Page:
By now you’ve probably heard the term microbiome and know it has something to do with human health? But what is the microbiome, exactly? Why is it getting so much attention? And, what can we learn from it?
In this four part series on the Microbiome, we will unpack these questions and more, helping you to take charge of your health and well-being.
Hope you follow along!
MICROBIOME 101: A Primer
Did you know that at this very minute you are hosting an invisible army of 39 trillion micro-organisms in and on our body. Yep, 39 trillion - that’s 10 times the number of stars in our galaxy! The key players in this microbial arsenal are bacteria, but right alongside them are archaea, eukaryotes, and even viruses, each one doing its part to help you to maintain homeostasis and stay healthy. This bustling community of microscopic bugs, collectively known as your microbiota, reside mostly in the gastrointestinal tract, but they also live in the nasal passages, lungs, vaginal opening, and on your skin. (1).
All told, your microbiota weighs in at 3-5 pounds and accounts for more than half the number of cells in your body, meaning you have more microbial cells than human cells! And, if that fact didn’t get your attention, this one will: In terms of our genetic code, we are only 1% human: While the human genome - the complete set of genetic instructions for a human being - consists of around 23,000 genes, our microbiome encodes over 3 million genes that produce thousands of metabolites essential to human health and homeostasis.(1) In fact, studies show that the microbes living in and on our body actually provide us with genetic variation and gene functions that our own human cells are not evolved to do! (2) In short, we are in a symbiotic relationship with our microbiota: When we take care of them and give them the proper food and shelter, they take care of us. When we don’t, we put these communities and ourselves at risk for dysbiosis and disease. (3)
Are we Human?
In the past we would have thought of ourselves as autonomous, unitary individuals, but now one could argue that we are heliobionts or superorganisms, made-up of the host (in this case, us) and the 39 trillion bugs that colonize our body and perform functions essential for our survival. (4) The interaction between our human and non-human elements is what actually makes us who we are. (5)
What is the Microbiome?
The Microbiome is the total genetic material of the microorganisms within the human body. (6) When talking about the microbiome, it’s important to remember that each area of the human body houses its own unique population of microbial residents that are best suited to live there. The composition of microbes and the kinds of genes they have are habitat-specific, for example you will find different species of microbes lining your intestinal wall than you will find sitting on your arm. (7)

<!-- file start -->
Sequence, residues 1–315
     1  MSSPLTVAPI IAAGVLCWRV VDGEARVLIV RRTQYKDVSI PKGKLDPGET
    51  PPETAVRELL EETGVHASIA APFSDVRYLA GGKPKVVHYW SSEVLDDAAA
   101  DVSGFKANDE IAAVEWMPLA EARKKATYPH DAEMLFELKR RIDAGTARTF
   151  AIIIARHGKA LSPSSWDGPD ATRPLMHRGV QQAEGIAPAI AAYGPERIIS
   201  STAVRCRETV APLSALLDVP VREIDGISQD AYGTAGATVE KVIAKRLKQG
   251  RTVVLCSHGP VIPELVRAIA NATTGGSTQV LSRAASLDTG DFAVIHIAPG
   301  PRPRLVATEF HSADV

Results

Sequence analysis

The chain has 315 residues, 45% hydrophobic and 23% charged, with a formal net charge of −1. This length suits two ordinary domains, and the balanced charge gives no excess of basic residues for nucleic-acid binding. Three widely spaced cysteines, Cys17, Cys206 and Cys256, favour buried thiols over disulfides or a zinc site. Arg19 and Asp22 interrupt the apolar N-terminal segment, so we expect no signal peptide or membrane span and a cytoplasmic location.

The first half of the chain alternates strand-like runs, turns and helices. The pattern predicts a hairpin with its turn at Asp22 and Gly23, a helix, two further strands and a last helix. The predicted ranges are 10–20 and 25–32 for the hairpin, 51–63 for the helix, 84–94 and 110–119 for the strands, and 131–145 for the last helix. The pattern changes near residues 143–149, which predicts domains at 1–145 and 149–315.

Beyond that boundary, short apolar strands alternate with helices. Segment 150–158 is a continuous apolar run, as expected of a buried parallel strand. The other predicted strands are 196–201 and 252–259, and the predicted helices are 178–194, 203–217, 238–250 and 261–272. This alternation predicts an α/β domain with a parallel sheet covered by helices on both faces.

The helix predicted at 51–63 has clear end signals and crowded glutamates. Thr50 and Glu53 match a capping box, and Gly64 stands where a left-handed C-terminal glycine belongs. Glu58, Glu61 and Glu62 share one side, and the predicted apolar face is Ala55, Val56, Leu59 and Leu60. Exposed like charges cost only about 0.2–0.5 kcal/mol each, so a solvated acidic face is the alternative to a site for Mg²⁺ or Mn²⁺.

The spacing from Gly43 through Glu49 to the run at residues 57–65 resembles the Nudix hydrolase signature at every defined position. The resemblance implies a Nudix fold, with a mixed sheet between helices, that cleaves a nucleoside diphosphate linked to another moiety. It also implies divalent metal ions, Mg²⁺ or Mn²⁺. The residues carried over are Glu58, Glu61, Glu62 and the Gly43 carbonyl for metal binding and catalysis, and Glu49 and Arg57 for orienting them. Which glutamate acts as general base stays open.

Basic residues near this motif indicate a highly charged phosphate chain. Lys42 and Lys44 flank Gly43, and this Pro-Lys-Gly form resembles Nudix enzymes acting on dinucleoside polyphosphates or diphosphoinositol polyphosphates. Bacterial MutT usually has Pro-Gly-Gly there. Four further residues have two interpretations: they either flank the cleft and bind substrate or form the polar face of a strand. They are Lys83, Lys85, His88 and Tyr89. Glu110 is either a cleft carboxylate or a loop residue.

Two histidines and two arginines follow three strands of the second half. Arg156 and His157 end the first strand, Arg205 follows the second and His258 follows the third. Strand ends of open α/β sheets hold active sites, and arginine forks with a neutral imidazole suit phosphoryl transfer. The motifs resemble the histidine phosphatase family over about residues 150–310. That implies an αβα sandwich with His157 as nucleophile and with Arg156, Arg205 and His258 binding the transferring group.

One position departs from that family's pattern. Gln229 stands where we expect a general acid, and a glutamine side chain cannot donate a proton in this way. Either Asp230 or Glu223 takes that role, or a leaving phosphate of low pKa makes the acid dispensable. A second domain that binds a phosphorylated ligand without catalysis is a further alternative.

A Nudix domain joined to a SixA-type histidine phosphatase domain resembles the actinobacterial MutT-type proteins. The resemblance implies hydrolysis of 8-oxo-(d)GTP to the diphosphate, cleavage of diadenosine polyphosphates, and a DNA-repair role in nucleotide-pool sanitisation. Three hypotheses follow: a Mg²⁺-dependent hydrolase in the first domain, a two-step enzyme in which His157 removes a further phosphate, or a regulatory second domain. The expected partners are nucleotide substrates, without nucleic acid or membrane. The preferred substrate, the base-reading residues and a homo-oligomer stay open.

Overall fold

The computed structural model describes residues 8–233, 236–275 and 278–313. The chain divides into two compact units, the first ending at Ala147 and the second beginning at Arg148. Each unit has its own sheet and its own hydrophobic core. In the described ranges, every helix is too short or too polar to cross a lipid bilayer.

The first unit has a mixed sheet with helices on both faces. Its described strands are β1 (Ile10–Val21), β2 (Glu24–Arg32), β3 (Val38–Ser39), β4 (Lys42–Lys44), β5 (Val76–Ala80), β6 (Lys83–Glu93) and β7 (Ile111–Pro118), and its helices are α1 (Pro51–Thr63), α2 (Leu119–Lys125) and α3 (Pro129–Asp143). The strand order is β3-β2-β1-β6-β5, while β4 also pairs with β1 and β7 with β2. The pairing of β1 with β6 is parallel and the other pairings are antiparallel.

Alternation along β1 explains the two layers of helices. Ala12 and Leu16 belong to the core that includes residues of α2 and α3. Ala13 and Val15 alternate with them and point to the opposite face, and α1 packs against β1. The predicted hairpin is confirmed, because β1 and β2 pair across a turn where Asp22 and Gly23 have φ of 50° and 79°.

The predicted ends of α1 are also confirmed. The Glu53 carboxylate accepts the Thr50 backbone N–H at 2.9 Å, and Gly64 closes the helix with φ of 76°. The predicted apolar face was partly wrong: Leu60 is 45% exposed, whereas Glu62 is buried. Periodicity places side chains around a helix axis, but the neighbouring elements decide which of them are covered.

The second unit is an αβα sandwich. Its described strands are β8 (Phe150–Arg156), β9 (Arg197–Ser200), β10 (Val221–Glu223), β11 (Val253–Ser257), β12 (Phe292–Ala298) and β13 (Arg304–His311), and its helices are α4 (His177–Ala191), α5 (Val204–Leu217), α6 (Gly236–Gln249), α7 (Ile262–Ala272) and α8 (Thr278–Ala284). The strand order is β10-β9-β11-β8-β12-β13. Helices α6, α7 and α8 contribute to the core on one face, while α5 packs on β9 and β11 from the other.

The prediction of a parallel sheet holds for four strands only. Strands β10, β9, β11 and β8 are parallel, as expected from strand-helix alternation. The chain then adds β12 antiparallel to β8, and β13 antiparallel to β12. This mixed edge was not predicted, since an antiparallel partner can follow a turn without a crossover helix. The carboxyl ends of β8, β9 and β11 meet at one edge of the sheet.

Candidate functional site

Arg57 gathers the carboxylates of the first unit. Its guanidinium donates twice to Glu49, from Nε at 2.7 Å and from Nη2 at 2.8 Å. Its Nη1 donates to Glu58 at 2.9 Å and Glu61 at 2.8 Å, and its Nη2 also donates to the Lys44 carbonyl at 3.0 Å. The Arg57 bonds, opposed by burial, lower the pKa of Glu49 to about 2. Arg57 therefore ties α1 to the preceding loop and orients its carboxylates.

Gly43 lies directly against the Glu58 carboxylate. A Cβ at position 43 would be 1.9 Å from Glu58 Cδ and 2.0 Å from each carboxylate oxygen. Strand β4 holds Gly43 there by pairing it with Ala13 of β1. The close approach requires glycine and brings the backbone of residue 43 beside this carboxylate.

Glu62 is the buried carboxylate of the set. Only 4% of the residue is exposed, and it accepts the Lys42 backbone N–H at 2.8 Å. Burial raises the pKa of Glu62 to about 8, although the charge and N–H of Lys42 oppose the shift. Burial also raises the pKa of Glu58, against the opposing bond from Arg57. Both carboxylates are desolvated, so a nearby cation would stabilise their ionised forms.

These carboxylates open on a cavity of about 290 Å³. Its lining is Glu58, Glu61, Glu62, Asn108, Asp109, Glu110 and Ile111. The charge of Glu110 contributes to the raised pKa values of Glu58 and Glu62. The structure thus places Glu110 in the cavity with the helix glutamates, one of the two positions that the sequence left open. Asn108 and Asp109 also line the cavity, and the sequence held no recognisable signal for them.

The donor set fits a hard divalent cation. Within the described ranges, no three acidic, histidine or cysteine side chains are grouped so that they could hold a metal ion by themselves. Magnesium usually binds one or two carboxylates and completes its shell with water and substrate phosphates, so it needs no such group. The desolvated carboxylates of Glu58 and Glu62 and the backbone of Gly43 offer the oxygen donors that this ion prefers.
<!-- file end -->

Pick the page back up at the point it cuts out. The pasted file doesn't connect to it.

What does our Microbiota Do?
Beneficial microorganisms live in harmony with us and perform functions vital for human health and survival. Our microbiota plays an integral role in digestion, nutrient extraction and elimination, as well as immune function, metabolism, brain health, mood regulation, skin and wound healing and weight management. The better question is what doesn’t our microbiota do!
How do we get our Microbiota?
Your microbiome begins to develop even before you are born. We are first exposed to microorganisms in the womb, as bacteria from the mother makes its way through to the uterus to the developing fetus. Colonization continues as the baby moves through the birth canal, enjoys some skin to skin contact with its mother and takes its first sip of bacteria rich breast milk. The mother’s microbiome largely determines which species of microorganisms the baby will first encounter in the early stages of building its own microbiome. (8) As the baby grows, diet and environmental factors, such as exposure to pets, home environment and medications, come into play and help shape the developing microbiome. By the time a child reaches 3 years of age, they will have established a mostly stable, adult-like microbiome, but, in later life, there is a dip in gut microbiota diversity that is tied to age related disease and frailty(9).
The microbiome is a living, breathing life force that, though relatively stable from age 3, is mutable and responsive to our lifestyle choices. When we eat well, get enough sleep, manage stress, and regularly move our bodies, we take an active role in shaping and maintaining our gut microbiota throughout our lifetime, empowering us to live a long, healthy, beautiful life. (10)
In the coming weeks, we will explore how you can use different lifestyle interventions to optimize your microbiota to promote long term health and well-being.